Though more careful with her finances nowhere near as lavish in her expenditure as Henry VIII, Queen Elizabeth I was fond of Greenwich Palace, today the site of the Old Royal Naval College, and it became her principal summer residence “for the delightfulness of its situation”.

Her father had enjoyed the lavishness of courtly life at Greenwich, and the palace also became an important ceremonial site for Elizabeth.

A muster of London’s men-at-arms in 1559, a flamboyant water pageant with a mock castle being attacked by ships in 1561, and the celebratory parade of captured Spanish treasure following the Spanish Armada were amongst the lavish displays of power that took place at Greenwich during Elizabeth’s reign.

Greenwich Palace from the river Greenwich Palace's windows overlooked the Thames, allowing Elizabeth to see the parade of ships up the river after the defeat of the Spanish Armada

William Shakespeare, another towering figure of the Elizabethan era, also visited Greenwich – as an actor to perform for the Queen.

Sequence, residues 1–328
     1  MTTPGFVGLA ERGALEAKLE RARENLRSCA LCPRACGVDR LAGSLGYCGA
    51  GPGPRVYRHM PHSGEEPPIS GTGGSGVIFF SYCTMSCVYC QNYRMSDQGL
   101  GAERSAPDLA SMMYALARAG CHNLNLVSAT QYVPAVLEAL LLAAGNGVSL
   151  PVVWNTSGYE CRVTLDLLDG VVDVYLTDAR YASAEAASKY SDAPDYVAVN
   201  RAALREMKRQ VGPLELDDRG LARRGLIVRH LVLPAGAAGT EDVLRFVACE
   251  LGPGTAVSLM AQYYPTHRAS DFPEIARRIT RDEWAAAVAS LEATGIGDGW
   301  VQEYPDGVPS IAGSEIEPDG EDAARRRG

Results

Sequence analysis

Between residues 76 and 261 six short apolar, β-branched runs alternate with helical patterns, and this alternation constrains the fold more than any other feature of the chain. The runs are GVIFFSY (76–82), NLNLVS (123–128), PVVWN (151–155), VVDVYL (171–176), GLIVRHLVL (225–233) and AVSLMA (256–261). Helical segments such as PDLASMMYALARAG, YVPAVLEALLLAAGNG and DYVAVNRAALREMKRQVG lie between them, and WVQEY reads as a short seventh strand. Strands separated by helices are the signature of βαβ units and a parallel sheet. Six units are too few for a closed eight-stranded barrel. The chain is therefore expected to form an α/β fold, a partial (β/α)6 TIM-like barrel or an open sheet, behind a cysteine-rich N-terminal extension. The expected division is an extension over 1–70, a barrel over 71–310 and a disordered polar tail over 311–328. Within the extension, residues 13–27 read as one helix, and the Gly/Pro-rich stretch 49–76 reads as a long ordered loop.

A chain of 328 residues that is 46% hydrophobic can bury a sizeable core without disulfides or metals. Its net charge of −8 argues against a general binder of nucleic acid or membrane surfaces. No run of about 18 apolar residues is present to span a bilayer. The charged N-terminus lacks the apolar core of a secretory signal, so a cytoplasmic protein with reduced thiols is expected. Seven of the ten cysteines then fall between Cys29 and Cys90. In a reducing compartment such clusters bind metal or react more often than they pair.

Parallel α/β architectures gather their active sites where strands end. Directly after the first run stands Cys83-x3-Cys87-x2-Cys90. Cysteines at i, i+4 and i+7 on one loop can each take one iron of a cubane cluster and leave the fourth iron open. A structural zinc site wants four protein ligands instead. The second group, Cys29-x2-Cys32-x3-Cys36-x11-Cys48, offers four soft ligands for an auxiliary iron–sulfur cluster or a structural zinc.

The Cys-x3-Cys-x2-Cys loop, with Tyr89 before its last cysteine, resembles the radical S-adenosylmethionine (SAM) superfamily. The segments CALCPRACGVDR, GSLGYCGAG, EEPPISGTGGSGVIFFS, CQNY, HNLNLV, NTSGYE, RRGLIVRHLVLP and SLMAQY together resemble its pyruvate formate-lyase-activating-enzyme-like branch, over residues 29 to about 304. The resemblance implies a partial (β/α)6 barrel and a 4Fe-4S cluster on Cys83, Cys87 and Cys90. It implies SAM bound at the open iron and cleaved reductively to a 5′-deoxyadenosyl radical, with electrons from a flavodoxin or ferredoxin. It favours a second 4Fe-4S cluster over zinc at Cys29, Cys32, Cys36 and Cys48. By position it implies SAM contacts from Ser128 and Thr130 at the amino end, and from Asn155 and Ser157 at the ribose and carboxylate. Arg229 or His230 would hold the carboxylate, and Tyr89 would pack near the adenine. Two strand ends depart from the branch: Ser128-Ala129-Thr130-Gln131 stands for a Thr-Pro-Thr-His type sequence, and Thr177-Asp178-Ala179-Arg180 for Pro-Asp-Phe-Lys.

Greenwich’s proximity to the docks at Deptford was also important for the Queen, in an age where England increasingly relied on its naval power. Sir Francis Drake departed from Deptford docks to circumnavigate the globe, and was knighted there upon his return; a mock naval battle was also put on for Elizabeth’s entertainment at Deptford in 1560.

Reconstructed Tudor Windows in the Visitor Centre Reconstructed stained-glass Tudor windows in the Visitor Centre

The Chapel Royal at Greenwich was used by Elizabeth much more than her father; she was an avid fan of choral music, which she heard regularly here. Archaeological digs have unearthed many artefacts from the old Chapel, which are now on display in our Visitor Centre.

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